Residential Landlord

Are you a landlord seeking to evict your tenant legally?

Sadly, if you have a difficult tenant this can become very costly for the landlord.

If your tenant is in arrears, refusing to pay building insurance, refusing to leave or vacate the property, causing a nuisance on the premises, breaching the tenancy agreement or damaging your property, then we can help you. 

Or have you unintentionally failed to comply with the landlord’s obligations by not protecting the tenant’s deposit, giving inadequate notice to the tenant, changed the locks, not maintained the property? We are here to help you find a solution. 

We offer our clients a free 30-minute consultation.


Legal Options Available

It is unlawful to try and evict your tenant without a Court Order. To avoid the Court refusing to grant you an Order or you facing prosecution, it is in your interest to ensure you comply with the correct legal procedure.

We may need to serve the tenant with a Section 8 or Section 21 Notice, and this really depends on the type of breach.

When to issue a Section 21 notice?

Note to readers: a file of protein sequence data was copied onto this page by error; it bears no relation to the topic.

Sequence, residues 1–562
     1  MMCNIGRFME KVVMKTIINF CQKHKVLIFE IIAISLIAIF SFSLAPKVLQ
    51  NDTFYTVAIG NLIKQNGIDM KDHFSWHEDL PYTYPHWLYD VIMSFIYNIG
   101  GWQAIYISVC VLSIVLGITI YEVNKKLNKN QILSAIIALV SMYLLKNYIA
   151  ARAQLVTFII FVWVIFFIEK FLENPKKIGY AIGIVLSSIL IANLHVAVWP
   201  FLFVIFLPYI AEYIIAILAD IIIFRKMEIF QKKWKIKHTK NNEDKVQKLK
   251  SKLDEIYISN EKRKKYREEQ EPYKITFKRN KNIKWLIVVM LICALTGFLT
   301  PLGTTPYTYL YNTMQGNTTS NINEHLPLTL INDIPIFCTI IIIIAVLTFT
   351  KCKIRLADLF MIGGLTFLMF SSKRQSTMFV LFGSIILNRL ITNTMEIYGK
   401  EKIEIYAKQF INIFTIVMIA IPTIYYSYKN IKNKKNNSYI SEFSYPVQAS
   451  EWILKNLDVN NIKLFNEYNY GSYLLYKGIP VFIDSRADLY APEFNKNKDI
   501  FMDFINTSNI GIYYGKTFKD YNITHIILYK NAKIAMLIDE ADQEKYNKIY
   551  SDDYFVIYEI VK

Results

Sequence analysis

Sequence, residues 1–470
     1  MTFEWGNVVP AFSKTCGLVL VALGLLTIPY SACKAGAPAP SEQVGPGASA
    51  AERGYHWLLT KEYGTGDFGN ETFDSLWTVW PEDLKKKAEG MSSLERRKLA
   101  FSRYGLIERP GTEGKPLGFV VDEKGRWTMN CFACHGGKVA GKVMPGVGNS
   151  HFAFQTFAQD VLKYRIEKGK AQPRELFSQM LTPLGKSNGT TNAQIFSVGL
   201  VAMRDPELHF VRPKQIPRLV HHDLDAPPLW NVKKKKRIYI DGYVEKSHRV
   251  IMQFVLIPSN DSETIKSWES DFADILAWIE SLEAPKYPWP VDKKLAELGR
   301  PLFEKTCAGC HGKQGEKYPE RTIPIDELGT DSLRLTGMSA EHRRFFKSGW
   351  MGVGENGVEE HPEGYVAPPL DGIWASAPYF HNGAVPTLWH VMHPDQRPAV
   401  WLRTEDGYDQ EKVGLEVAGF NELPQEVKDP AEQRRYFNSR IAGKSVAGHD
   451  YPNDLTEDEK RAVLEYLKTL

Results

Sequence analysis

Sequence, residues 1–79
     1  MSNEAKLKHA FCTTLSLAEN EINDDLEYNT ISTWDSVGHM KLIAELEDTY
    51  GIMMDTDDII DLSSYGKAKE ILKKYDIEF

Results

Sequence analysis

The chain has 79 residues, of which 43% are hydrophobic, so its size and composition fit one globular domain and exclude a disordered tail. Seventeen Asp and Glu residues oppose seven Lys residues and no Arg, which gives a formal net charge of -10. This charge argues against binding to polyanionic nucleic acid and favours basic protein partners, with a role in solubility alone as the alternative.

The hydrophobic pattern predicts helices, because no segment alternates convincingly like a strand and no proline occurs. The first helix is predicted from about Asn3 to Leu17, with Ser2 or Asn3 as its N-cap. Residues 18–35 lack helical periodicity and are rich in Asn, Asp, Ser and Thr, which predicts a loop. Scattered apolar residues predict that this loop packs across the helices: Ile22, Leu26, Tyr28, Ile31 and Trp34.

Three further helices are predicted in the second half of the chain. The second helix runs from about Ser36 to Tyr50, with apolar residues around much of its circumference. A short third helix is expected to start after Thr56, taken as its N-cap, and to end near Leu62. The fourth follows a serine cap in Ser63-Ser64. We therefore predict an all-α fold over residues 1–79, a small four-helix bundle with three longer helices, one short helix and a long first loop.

A Section 21 Notice is commonly referred to as a ‘no fault’ eviction, as this notice does not need a reason for you as a landlord to seek possession of your property. 

A Section 21 Eviction Notice can be used if the fixed term has expired, and you have complied with your prescribed obligations as a landlord within the Tenancy Agreement. This will start the legal process to end an assured shorthold tenancy. This notice will inform the tenant of the date they must leave the property by.  

The expiration date of a Section 21 Notice must also give the tenant at least two full months’ notice to leave the property.  

What is a Section 8 Order?

A Section 8 Notice is a fault-based notice and can be used if your tenants have broken the terms of the tenancy agreement such as not paying rent or causing damage to your property.

Different Section 8 grounds have different notice periods. As a landlord, it is important that you adhere to the notice periods to ensure that your notice is valid. 

Do take advantage of our free 30-minute consultation where you can find out what your rights are as a landlord and then decide what course of action best suits your needs.